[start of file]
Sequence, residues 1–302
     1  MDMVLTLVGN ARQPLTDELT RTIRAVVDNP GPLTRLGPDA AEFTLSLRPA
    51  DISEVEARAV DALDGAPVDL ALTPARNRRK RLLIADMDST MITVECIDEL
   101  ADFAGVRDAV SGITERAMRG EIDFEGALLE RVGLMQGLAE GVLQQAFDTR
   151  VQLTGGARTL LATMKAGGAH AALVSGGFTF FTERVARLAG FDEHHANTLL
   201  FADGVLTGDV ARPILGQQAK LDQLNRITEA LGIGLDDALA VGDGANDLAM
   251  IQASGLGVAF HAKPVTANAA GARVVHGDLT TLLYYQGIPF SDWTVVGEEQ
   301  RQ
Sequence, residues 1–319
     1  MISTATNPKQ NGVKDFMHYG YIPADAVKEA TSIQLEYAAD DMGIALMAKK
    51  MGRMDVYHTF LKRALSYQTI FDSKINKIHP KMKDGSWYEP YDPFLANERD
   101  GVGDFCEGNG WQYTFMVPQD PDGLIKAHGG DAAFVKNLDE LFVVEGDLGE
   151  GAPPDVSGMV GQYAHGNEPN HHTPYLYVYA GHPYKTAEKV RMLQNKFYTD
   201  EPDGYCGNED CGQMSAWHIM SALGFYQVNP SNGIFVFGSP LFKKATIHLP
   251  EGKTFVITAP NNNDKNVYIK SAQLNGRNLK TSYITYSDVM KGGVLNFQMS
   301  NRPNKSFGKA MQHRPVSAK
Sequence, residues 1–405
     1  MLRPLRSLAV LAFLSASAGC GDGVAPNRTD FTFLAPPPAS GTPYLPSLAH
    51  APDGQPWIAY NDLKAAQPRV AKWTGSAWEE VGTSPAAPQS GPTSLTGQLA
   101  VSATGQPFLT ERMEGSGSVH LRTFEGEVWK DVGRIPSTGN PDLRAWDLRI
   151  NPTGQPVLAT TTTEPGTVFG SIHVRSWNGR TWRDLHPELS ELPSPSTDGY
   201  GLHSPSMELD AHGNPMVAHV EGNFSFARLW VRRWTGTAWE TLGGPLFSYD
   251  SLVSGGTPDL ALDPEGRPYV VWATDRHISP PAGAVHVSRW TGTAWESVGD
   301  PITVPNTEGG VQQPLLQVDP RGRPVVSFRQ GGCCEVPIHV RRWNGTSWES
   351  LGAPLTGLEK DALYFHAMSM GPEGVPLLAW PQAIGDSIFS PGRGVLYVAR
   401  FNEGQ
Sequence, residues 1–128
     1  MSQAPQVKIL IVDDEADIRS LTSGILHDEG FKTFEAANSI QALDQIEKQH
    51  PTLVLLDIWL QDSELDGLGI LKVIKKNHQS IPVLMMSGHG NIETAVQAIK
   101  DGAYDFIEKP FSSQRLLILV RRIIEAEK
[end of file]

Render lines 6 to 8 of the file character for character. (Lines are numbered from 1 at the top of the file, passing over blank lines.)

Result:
   201  FADGVLTGDV ARPILGQQAK LDQLNRITEA LGIGLDDALA VGDGANDLAM
   251  IQASGLGVAF HAKPVTANAA GARVVHGDLT TLLYYQGIPF SDWTVVGEEQ
   301  RQ